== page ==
MEC Women's Basketball Semifinal Recaps

MEC Women's Basketball Semifinal Recaps

Glenville State 85, Notre Dame 69 | Final Stats

Postgame: GS | NDC 

By Duane Cochran for

WHEELING, W.Va. – Top-seeded and No. 1 ranked Glenville State had little trouble advancing to it fourth straight Mountain East Conference Women's Basketball Tournament championship game here Saturday afternoon against fifth-seeded Notre Dame College at WesBanco Arena.

The unbeaten Pioneers remained perfect on the season at 29-0 as they rolled to an 85-69 victory over the Falcons.

Glenville will face second-seeded Charleston (20-8) in Sunday's title game at 2 p.m. The Pioneers lost last year's tournament championship contest to the Golden Eagles, 87-80. UC earned a berth in the title contest by eliminating third-seeded West Liberty Saturday, 72-65.

As per usual Saturday, Glenville's relentless play on both ends of the floor allowed the Pioneers to take control of the contest early and open an eight-point lead after one quarter, extend it to 12 by halftime and have it reach as many as 25 late in the third before NDC mounted a furious rally in the final 10 minutes which closed the gap. The Pioneers had defeated NDC by margins of 65 and 42 during the regular season, but Saturday the Falcons put up a much better fight against the nation's top-ranked team.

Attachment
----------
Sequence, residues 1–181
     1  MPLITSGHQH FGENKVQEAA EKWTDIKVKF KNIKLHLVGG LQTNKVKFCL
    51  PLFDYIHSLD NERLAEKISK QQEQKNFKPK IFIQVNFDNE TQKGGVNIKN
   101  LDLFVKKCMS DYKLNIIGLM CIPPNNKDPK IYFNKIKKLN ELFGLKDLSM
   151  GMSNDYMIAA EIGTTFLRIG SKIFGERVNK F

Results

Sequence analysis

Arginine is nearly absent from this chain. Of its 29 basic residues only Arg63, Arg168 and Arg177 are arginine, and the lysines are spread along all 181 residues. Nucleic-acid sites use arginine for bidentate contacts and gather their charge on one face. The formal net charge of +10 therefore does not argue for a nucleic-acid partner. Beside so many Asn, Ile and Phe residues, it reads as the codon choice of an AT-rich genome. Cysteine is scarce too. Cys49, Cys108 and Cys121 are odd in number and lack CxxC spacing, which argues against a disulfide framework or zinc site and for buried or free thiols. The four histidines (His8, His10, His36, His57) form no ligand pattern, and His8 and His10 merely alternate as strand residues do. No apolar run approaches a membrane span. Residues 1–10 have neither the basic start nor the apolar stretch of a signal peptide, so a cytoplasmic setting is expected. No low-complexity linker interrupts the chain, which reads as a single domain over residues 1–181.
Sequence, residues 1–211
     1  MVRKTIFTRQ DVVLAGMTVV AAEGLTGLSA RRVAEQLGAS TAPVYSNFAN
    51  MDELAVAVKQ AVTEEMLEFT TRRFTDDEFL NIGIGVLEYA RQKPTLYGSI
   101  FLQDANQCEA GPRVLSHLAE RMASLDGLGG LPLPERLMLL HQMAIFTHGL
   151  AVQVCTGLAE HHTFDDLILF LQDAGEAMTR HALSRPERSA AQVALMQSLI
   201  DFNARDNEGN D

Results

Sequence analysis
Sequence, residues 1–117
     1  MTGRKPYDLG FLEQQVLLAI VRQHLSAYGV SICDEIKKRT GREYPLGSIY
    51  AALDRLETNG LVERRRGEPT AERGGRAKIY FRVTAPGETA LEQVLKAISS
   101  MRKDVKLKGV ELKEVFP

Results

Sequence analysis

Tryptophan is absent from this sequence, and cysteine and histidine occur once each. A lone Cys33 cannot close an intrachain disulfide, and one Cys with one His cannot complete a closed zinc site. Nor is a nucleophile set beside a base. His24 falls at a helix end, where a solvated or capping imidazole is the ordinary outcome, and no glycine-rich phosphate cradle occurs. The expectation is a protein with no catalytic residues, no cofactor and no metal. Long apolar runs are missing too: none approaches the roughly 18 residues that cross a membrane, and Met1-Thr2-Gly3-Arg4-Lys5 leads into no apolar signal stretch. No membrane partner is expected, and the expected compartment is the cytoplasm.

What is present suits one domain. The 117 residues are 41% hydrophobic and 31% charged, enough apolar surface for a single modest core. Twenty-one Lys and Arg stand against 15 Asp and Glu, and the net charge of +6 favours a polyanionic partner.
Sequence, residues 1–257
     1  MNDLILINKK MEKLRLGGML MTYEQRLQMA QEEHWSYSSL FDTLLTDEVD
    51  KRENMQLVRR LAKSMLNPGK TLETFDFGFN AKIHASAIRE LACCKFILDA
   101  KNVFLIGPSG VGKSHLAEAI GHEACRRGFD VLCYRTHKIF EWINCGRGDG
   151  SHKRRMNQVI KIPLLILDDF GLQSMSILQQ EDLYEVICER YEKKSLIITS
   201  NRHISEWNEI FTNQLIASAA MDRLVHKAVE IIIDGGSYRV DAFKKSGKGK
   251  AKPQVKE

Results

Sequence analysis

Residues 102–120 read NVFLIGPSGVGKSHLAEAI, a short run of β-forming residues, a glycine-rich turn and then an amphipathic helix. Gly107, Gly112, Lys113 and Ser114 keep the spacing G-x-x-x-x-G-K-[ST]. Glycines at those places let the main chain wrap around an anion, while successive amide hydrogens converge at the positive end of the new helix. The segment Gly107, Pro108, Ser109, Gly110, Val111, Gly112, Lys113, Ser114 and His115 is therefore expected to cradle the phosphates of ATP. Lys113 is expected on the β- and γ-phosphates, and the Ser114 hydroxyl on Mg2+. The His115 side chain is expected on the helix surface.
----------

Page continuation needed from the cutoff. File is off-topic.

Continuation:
“I think Notre Dame played really, really hard and really well,” said Glenville coach Kim Stephens. “That's a good basketball team. They've had a rough year. They've been up and down all year and have had a lot of changing lineups. I think they worked hard, played hard and were tough for us to guard.

“I think we got a little bit lax toward the end of the game. When Kaylee (Pierce) went down (an apparent knee injury with 8:19 to play) I think our focus went away. It's just more stuff that we can continue to improve on moving forward. I, as a coach, would rather have a game where we can get better going into a championship game as opposed to having a game where we really don't have anything to fix and I can go in the locker room and tell them they were great. Trust me, that did not happen today.”

Once again Glenville's balanced offensive attack was led by a quintet of double-figure scorers. First-team All-MEC honorees Re'Shawna Stone and Zakiyah Winfield paced the Pioneers with 18 points apiece, while Taychaun Hubbard chipped in 17 and Dazha Congleton and Kaylee Pierce both added 12 points. Winfield and Congleton both pulled down eight rebounds apiece to lead GSU on the glass.

“We didn't go off of anything we had done in the past against them,” Winfield said. “It's March so anything can happen. We were really relaxed coming in, but I don't think we played our best game today. I think we're a better team than how we performed and I know we're going to have to perform a lot better tomorrow if we're going to get the outcome we want.”

Notre Dame coach Imani Gordon says she was pleased with portions of her team's play, but noted that the Falcons had some lulls in the third quarter and too many turnovers in the contest against the pressure-oriented Pioneers' defense which led to GSU points. She was also frustrated with her team's inability to get some close shots in the paint to go down throughout the game.